Given the nature of this standard, this could create a potential crisis in a court. If state and local laws governing obscenity are unclear and the courts remain unclear on whether these laws are constitutional, several forms of expression protected by the First Amendment are at risk. This includes putting consensual sexual expression at risk. According to the U.S. Department of Justice, material that is labeled as “obscene” isn’t protected under the First Amendment. The ambiguity of defining obscenity is still the main point of debate. In Smith v. United States, the high court found that a legal definition of obscenity must avoid intentional or unintentional ambiguity.
Additionally, Smith granted the standard that a state legislature’s definition of local community standards with regard to the status of obscenity doesn’t necessarily govern a juror interpreting community standards.
Since these cases, the courts rendered obscenity statutes in some states unconstitutional and have adjusted legal definitions for the Internet era. One of the most notable interpretations of obscenity within the last three decades derived from the Supreme Court’s benchmark ruling in Reno v. American Civil Liberties Union in 1997. Dealing with the Internet and acceptable communication for adults and minors, Reno established anti-indecency and definitions of obscene materials online. The high court found that much of the Communications Decency Act of 1996 lacked the precision to protect free speech rights online.
While the court gutted the Communications Decency Act of 1996, it left in place Section 230. Section 230 is a controversial law that guarantees online platforms safe harbor from potential civil and criminal liability for the actions of third-party users. This law applies to an adult website’s right to self-regulate its platform and remove content that is considered offensive and obscene. An argument can be made that the legal definition of obscenity has narrowed significantly to protect legal forms of speech, such as other consensual sexual content. A ruling in the case Ashcroft v. Free Speech Coalition indicates this definition is narrowing. The court ruled in favor of the coalition, a group representing the porn industry, to protect an adult performer’s action of acting or simulating the role of a minor in a performance with other adults.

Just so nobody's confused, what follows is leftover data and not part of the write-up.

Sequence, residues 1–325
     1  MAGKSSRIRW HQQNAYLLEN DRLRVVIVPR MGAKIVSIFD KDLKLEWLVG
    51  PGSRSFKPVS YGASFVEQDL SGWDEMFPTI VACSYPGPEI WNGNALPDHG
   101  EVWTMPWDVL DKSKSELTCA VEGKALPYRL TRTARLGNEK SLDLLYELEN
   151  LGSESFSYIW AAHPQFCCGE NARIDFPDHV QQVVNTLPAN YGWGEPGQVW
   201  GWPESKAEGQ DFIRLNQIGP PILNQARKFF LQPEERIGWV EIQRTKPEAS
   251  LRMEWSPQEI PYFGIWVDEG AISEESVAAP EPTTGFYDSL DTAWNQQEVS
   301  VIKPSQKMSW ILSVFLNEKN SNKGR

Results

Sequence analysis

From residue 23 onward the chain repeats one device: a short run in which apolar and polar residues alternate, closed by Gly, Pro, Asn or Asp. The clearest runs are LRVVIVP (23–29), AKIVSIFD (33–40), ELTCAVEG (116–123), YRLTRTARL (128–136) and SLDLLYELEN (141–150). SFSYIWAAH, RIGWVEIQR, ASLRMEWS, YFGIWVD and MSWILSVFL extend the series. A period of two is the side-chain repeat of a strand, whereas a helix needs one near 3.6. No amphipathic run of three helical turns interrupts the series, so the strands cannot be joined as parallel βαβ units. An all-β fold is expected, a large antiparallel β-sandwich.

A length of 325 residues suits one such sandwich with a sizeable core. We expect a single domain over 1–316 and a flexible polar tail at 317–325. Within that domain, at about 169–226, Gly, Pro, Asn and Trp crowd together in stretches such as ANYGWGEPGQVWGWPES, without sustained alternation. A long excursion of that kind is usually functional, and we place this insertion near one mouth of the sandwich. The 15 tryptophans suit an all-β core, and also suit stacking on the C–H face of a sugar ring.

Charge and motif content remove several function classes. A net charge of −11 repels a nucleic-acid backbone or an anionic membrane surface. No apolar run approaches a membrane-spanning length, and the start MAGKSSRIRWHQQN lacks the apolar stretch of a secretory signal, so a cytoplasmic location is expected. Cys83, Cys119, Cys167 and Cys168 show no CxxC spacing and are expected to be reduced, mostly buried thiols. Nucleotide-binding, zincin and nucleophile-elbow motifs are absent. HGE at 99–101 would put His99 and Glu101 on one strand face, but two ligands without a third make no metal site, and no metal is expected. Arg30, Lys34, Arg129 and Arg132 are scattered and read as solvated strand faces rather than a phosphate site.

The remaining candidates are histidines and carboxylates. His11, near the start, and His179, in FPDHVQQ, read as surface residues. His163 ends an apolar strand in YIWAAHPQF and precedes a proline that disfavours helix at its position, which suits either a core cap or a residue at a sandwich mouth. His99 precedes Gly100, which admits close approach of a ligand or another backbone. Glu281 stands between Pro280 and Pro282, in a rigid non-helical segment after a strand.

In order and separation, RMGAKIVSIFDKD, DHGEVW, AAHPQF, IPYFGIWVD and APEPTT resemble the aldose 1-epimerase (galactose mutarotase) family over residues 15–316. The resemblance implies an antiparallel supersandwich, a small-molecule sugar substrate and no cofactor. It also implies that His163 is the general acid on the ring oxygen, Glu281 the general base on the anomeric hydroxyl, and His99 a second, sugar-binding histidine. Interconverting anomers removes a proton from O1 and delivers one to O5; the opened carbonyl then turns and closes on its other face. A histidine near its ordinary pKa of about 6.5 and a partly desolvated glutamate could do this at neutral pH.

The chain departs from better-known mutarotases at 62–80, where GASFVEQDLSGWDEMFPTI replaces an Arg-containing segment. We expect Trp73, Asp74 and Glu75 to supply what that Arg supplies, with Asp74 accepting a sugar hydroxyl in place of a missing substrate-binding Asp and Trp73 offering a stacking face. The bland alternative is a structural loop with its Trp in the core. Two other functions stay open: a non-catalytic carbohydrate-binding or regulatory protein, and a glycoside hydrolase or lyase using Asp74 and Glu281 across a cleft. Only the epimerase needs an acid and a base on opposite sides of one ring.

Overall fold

This struck down provisions in the Child Pornography Prevention Act of 1996 restricting lawful speech about producing adult pornographic content. The high court found that the standard of an individual who “appears to be” a minor but is actually an adult in a consensual sexual situation is protected speech.
Young-looking performers who engage in certain taboo fetishes or age-play who are otherwise adults can do so without facing charges. Congress passed legislation attempting to incorporate Ashcroft, Ferber, and Miller, like the PROTECT Act. The aftermath of this legislation resulted in legal challenges and attempts to censor literature involving comic books, manga, and graphic novels featuring controversial material.
This definition is crucial to my argument because it adds further context to a definition of obscenity that people who wish to redefine such a standard for discriminatory purposes overlook. At the heart of this multi-faceted debate, the term obscenity can’t evolve or devolve, into something that’s very censorious.
Obscenity’s definition is easily applied to content such as child pornography. If the definition is changed to incorporate speech dealing with LGBTQ subject matter or comprehensive sexual education, then the outcome will be a civil liberties disaster pushed by an influential political minority. The vast majority of Americans oppose efforts to ban books and punish educators and librarians for providing these materials to young people. This is the case for most people who consume mainstream culture too.
If someone calls something obscene in a political tirade, most people will likely think that individual is under the influence of a morally bankrupt censorship movement. Obscenity such as child pornography needs to be prosecuted by all means. This shouldn’t be at the expense of our civil liberties, our children’s education, or the sacrosanct First Amendment right to consensual sexual expression among consenting adults.
Attempts to redefine obscenity ultimately violate our civil liberties, sexual freedoms, and educational rights.